Unfortunately, no. The Court can give you tools you can use to collect your money - such as a payment hearing - or can recommend you get a garnishing order at the Sheriff's Office. But some people will not pay and some cannot.

It is frustrating to spend time and money to prove a claim in court and then still be unable to collect what is owing to you. If you are thinking about making a claim in Small Claim Court - or in any court, for that matter - you should first consider what your chances are of collecting, if you should win.

What if I don't like the judge's decision?

A Small Claims Court decision can be appealed to the Supreme Court of Newfoundland and Labrador, but an appeal will cost money, take time, and the result might not be any different. For more information about the costs associated with an appeal, contact the Court of Appeal.

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How can I get more information?

The Provincial Court of Newfoundland and Labrador is working on a series of booklets that describe court processes. They will be available from any Small Claims Court registry and can also be found online through the Provincial Court's website.

The other titles in the series will be:

  • #2 Making a Claim
  • #3 Replying to a Claim
  • #4 Serving Documents
  • #5 Getting Ready for Court
  • #6 Getting Results

Small Claims Rules - For more detailed information you may want to look at the Small Claims Rules themselves. They are available at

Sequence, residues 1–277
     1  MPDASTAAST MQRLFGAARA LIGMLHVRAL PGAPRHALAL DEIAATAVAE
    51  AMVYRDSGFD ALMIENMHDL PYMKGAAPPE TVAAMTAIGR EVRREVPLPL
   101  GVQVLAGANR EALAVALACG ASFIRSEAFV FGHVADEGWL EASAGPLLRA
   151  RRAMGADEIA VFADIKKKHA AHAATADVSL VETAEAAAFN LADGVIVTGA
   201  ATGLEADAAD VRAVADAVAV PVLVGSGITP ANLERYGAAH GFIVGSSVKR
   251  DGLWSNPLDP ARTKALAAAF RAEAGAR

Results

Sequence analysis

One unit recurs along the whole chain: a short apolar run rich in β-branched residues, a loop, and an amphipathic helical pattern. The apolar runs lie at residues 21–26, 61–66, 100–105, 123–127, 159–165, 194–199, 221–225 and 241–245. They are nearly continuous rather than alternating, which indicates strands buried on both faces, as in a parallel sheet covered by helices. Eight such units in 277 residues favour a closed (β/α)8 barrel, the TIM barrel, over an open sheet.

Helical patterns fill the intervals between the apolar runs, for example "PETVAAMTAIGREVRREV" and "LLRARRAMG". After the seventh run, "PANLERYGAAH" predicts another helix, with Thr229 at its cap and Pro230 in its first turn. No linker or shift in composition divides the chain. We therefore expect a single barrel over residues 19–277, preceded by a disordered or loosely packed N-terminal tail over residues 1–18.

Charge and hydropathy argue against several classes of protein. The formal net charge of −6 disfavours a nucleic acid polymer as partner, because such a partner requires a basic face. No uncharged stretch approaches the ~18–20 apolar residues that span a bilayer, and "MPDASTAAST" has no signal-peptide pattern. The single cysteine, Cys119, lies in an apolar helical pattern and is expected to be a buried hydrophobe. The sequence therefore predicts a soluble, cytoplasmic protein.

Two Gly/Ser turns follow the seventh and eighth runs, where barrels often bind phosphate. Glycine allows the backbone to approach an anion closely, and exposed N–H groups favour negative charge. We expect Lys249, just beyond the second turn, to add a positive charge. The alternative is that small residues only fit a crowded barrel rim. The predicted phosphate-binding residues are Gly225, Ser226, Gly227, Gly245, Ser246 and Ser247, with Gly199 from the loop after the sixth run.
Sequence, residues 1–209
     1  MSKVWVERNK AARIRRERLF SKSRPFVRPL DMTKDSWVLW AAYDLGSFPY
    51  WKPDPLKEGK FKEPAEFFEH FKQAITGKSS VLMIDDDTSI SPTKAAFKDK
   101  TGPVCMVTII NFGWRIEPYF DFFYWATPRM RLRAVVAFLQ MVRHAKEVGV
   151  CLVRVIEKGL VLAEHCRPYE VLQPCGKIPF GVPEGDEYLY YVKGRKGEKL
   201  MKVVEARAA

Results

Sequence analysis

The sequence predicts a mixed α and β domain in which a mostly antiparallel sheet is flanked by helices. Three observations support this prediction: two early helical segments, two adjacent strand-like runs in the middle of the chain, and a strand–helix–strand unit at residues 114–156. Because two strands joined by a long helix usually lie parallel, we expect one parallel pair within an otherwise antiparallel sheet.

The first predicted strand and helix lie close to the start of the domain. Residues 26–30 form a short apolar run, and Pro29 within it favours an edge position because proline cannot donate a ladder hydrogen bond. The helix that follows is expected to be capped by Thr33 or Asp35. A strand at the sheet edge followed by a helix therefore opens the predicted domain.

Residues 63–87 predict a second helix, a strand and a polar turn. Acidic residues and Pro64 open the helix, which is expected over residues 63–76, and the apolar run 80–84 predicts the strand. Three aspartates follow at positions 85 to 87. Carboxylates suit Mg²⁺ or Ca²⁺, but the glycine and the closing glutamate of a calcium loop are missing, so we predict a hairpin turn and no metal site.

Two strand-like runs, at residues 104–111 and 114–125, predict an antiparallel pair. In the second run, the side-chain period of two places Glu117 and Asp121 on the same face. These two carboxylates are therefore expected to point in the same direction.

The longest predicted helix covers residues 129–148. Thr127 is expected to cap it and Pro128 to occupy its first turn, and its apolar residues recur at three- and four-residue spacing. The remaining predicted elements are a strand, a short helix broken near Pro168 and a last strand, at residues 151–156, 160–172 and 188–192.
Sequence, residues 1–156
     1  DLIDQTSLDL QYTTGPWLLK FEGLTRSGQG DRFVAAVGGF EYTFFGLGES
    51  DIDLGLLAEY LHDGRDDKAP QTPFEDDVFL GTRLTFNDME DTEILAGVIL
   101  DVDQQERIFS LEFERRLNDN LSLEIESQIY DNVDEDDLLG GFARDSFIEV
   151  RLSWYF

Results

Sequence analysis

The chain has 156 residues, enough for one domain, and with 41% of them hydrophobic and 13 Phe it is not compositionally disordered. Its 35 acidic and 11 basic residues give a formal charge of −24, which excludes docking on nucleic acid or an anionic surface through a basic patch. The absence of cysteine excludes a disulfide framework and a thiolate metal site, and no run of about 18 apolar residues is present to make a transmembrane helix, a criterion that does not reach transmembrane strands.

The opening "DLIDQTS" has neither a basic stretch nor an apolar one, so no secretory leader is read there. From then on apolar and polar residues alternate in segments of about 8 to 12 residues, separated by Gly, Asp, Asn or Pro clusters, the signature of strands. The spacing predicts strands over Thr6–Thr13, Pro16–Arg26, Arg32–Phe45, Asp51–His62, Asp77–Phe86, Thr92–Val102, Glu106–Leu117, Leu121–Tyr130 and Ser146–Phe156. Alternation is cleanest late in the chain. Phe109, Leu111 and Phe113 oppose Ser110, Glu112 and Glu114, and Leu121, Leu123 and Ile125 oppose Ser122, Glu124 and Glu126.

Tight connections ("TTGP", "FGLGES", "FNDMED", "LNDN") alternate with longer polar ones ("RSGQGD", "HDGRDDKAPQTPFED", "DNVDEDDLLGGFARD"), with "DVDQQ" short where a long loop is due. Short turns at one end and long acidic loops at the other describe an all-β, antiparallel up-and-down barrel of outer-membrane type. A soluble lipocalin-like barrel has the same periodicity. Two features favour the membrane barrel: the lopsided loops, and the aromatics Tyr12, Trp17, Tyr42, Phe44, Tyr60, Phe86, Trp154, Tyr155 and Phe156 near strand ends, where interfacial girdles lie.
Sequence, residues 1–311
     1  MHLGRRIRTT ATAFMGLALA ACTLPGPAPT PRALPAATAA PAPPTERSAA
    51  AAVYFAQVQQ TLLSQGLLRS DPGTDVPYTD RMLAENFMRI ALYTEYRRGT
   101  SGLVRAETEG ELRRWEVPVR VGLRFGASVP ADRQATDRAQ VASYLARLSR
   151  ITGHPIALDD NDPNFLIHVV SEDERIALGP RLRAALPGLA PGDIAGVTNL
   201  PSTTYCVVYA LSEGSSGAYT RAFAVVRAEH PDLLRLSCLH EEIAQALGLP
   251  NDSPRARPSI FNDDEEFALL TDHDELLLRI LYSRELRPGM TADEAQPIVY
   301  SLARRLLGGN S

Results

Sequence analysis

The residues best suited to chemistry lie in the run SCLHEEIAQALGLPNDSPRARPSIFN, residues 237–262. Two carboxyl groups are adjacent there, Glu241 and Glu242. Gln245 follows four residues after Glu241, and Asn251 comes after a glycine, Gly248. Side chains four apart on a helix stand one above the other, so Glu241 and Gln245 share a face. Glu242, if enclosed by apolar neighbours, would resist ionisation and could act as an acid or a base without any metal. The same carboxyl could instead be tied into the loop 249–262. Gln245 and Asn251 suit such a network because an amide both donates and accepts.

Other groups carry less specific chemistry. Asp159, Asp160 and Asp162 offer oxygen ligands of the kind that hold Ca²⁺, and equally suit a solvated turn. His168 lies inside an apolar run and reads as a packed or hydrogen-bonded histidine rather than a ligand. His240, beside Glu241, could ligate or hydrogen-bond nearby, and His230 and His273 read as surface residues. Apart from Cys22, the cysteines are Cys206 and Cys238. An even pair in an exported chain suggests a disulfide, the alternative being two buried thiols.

The staff who work behind the counter at any Small Claims Court registry are helpful, but there are limits to what they can do for you. They cannot give legal advice and they can't fill out your forms for you, but they will gladly answer many of your questions about Small Claims Court processes and procedures.

The Public Legal Information Association of Newfoundland and Labrador (PLIAN) is also a useful resource. It is a non-profit organization dedicated to educating Newfoundlanders and Labradorians about the law. They can provide further information and assistance, including a referral service to lawyers who can help with Small Claims matters. Their website is .

The information contained in this guide is simply an overview of the significant provisions of the Small Claims Act and the Small Claims Rules. It is not intended as a substitute for the Act or the Rules, which should be examined for specific information. Also, the information is not intended to be legal advice. If you have any legal questions, you should see a lawyer.